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Small New York town rocked by 9/11 attacks

Posted September 10, 2011

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— Sunday marks 10 years since the terrorist attacks of Sept. 11, 2001, and New Yorkers are mourning the more than 2,600 people who perished when two hijacked planes crashed into the World Trade Center's twin towers in lower Manhattan.

But just 17 miles away, the small town of Valley Stream was also rocked by the tragic attacks.

"All of us knew someone with a direct tie to someone at ground zero," said Mayor Ed Fare.

Valley Stream only has about 36,000 residents. Forty-one were killed on Sept. 11.

"We lost so much of our fabric, of our families, of our fathers and brothers and sisters that day, that you almost can't count it," Fare said.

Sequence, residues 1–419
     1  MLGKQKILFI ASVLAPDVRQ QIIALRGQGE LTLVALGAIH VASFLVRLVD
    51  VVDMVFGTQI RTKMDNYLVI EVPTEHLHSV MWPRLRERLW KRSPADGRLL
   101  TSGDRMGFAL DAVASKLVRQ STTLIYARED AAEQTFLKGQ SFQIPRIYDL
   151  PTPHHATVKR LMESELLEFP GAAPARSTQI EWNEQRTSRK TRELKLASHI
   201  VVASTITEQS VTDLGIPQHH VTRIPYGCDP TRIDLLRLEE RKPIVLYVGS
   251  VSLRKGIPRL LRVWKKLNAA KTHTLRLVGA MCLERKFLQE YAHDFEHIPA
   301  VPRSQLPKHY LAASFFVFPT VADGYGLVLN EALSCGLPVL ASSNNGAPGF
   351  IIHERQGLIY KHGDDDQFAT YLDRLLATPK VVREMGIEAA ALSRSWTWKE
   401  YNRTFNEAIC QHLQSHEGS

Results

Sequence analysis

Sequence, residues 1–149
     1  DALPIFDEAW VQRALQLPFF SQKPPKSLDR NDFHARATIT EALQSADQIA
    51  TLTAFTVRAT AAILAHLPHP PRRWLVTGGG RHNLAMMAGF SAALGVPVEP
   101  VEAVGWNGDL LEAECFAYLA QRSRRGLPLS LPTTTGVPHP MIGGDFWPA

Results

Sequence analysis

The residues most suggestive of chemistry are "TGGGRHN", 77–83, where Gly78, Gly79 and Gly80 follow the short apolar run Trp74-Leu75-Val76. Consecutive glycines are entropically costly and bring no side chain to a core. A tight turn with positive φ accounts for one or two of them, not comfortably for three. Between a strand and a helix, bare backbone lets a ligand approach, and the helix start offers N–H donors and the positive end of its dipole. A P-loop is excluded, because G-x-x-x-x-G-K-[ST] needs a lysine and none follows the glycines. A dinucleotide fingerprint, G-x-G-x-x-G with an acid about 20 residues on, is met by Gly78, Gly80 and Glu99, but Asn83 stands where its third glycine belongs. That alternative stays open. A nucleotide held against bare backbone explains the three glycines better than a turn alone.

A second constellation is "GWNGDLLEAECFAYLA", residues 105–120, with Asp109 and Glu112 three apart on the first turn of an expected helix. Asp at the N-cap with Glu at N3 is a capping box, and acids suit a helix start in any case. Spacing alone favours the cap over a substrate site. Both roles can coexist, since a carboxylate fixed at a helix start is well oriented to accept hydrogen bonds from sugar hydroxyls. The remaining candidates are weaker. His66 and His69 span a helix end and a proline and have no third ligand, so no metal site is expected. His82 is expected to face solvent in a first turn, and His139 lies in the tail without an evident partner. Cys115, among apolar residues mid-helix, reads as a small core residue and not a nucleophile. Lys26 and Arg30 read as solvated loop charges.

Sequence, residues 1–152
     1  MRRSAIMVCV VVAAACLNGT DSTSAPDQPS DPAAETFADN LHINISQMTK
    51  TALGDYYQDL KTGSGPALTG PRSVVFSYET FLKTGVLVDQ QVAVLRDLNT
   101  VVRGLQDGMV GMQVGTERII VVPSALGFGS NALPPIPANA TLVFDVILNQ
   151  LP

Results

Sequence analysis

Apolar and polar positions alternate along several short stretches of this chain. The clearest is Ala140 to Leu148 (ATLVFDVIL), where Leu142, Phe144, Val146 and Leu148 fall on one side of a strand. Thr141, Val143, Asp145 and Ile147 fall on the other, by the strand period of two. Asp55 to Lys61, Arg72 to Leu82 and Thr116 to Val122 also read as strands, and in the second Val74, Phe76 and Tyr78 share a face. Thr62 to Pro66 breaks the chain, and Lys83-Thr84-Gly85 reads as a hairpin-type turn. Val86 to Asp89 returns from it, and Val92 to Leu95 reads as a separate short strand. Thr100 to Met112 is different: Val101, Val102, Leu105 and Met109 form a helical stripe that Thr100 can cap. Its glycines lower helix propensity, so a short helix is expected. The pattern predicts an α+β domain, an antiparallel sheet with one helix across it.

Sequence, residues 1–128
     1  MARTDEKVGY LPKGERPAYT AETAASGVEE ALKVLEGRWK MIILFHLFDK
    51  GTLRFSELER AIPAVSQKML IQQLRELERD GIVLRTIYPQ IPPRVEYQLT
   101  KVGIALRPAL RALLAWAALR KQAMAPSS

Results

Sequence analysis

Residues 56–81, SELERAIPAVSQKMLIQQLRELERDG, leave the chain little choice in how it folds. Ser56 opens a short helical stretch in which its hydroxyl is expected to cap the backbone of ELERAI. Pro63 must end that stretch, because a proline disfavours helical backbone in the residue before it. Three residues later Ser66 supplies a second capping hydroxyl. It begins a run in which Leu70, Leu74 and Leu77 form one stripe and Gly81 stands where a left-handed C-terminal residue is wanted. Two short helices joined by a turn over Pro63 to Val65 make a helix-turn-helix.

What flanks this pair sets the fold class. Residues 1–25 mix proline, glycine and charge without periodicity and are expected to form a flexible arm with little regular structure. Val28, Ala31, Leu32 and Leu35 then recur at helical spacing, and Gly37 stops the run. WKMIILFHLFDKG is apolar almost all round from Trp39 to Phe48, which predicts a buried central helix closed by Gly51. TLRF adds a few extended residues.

Fare remembers the moment the first plane hit the north tower – he was teaching high school.

"Kids in class heard about it and thought it was one of those radio practical jokes," he said.

Valley Stream mayor: 'We heal, but never forget' Valley Stream mayor: 'We heal, but never forget'

He ran to the third floor, looked out the window and quickly realized it was no joke.

"You could see the towers burning, from this building, and that was when it hit home," Fare said.

Because all of the New York City fire departments were called to ground zero, Fare and other volunteer firefighters had to step in to some of the city's neighborhoods.

"Our little Valley Stream volunteer fire department was covering city fires in Jamaica (in Queens) as a brotherhood," Fare said. "Everything had been shifted in." 

Although the focus centers on lower Manhattan when people think about the Sept. 11 attacks, Fare said the impact on his community has not been forgotten.

"I see more people offering solace and sympathy and empathy and understanding to these families," he said. "What we have to hope, though, is in time we heal, but never forget."


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